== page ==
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Would Mark Twain have scanned a QR code?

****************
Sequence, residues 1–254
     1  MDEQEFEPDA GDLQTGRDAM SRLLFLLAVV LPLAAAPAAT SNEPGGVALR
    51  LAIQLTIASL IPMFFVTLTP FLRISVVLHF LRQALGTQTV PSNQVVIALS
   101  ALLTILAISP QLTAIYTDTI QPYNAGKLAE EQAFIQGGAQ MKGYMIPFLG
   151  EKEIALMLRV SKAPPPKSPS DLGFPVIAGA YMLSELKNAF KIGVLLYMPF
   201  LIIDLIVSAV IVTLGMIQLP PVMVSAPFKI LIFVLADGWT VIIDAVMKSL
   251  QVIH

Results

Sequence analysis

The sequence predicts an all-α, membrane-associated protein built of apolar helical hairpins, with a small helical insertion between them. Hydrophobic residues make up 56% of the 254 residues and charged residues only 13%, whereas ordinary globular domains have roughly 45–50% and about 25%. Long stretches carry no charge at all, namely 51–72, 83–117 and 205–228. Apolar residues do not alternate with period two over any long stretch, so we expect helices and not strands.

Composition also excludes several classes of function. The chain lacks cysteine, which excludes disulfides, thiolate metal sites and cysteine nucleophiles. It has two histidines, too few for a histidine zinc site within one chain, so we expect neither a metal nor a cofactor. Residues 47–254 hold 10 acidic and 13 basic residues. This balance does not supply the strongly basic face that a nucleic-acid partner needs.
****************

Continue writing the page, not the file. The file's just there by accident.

When smartphones evolved to the point where they could scan quick response codes, many produce companies were among early adopters of the two dimensional codes. Now, four years into the trend, some in the industry are abandoning the black and white squares. Others, including HarvestMark founder Elliot Grant, say reports of the death of QR codes are like the proverbial premature obituary for Mark Twain — greatly exaggerated. Courtesy CMIUsing redesigned bags for its imported Ambrosia apples this season, Columbia Marketing International is running a QR code test in conjunction with a consumer contest for upscale kitchen gadgets to determine how shoppers access their website. Not comfortable with either of those views, Columbia Marketing International, Wenatchee, Wash., decided to dig for data. “We’re a little surprised with the initial data,” said Steve Lutz, vice president of Wenatchee, Wash.-based CMI. “Conventional wisdom is that QR codes are dead, but we are still getting a lot of traffic. The problem is we don’t know where the scans are being done, at home or in the store.”

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